Thompson Rivers University

TRU Law faculty and students publish journal on animal law

  Posted on: September 12, 2019

The latest issue of the Canadian Journal of Comparative and Contemporary Law zeroes in on animal law.

The latest issue of the Canadian Journal of Comparative and Contemporary Law zeroes in on animal law.

The latest volume of the Canadian Journal of Comparative and Contemporary Law edited by faculty and students of TRU Law is delving into a topic that hasn’t been given in-depth treatment by other Canadian law journals. Until now.

This is the first Canadian law journal to devote an entire issue to animal law. Research in animal law is growing, and 2019 has been an unprecedented year for legislative reform in the field, with three important bills passed by Parliament.

Beyond Humanity: New Frontiers in Animal Law features a foreword by Senator Murray Sinclair and contributions from leading scholars in the field from around the world, including TRU Law faculty member Katie Sykes.

Animal law is Sykes’s main area of research; her submission tackles ending whale captivity in Canada.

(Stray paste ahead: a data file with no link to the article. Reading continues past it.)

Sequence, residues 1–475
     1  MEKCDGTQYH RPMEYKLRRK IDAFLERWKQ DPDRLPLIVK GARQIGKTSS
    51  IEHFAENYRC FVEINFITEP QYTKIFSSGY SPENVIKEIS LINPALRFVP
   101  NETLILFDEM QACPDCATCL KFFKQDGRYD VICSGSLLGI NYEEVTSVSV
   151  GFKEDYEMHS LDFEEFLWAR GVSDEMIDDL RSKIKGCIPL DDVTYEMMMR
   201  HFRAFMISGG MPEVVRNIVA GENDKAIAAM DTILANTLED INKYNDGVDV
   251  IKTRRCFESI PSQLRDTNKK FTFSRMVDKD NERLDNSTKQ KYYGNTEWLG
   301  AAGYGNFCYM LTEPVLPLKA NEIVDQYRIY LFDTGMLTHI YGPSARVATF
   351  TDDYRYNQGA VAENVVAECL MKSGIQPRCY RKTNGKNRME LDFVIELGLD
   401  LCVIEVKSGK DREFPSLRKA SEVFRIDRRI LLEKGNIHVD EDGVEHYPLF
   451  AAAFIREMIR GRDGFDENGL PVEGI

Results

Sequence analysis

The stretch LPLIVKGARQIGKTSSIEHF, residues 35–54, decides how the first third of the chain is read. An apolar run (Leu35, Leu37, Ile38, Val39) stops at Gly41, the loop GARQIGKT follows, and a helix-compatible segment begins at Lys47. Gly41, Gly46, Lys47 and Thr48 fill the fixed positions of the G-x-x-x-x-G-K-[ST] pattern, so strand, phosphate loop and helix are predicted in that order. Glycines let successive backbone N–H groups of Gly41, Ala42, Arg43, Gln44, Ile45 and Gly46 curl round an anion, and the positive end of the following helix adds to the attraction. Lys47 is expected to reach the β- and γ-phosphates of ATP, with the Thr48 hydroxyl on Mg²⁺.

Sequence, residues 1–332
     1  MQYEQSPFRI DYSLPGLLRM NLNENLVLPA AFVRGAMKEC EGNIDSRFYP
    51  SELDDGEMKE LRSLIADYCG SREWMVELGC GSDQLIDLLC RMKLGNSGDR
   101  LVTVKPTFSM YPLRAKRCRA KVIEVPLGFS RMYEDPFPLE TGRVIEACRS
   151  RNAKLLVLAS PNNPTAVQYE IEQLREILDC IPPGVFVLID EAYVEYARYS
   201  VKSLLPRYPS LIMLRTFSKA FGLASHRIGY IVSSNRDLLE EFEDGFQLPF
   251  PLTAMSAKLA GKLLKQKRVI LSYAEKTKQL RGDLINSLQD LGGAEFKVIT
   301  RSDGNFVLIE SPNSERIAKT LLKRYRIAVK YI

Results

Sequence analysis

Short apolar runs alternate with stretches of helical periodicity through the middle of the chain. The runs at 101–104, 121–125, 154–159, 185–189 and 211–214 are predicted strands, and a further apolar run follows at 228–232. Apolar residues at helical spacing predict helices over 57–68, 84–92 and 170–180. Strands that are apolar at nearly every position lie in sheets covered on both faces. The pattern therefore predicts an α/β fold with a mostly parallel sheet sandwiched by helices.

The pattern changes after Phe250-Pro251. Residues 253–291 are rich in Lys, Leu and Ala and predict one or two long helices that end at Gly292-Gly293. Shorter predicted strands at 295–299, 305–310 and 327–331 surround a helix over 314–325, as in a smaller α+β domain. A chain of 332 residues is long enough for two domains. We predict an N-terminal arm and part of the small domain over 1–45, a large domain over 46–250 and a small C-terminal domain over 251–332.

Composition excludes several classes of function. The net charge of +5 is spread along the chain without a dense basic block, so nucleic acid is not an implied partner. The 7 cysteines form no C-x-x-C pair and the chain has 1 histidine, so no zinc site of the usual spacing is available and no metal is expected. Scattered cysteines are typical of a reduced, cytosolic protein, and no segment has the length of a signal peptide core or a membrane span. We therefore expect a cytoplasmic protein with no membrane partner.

“The idea for this special issue originally came from Angela Fernandez at the University of Toronto Faculty of Law. She approached me about it, because she thought that the time was right for a law journal devoted to issue,” she said.

“Angela and I thought that with our shared contacts in the field, we would be able to help the editors put together a good roster of contributors for the issue. We pitched the idea to the editors and they decided to go ahead with this theme for the edition.”

The journal was edited by TRU Law faculty members Robert Diab and Chris Hunt, along with Lorne Neudorf of the University of Adelaide. A team of students helped edit the papers as part of their upper-level journal course.

Sykes said just how much interest has grown in animal law is demonstrated by the fact the first Canadian Animal Law Conference is taking place at Dalhousie University in Halifax this October. Many prominent professors will attend, including Peter Singer, a globally renowned philosopher who is the keynote speaker.

“The conference is a significant landmark for animal law in Canada, and it will really raise the profile of the field. More and more law schools are offering animal law courses. We have many excellent animal law scholars in Canadian law schools and universities,” she said.

“In 2019, there have been unprecedented steps forward in federal law to protect animals, including the passage of Bill S-203, the Ending the Captivity of Whales and Dolphins Act. It’s really an exciting and growing field, and it’s a great time for this journal issue to come out.”

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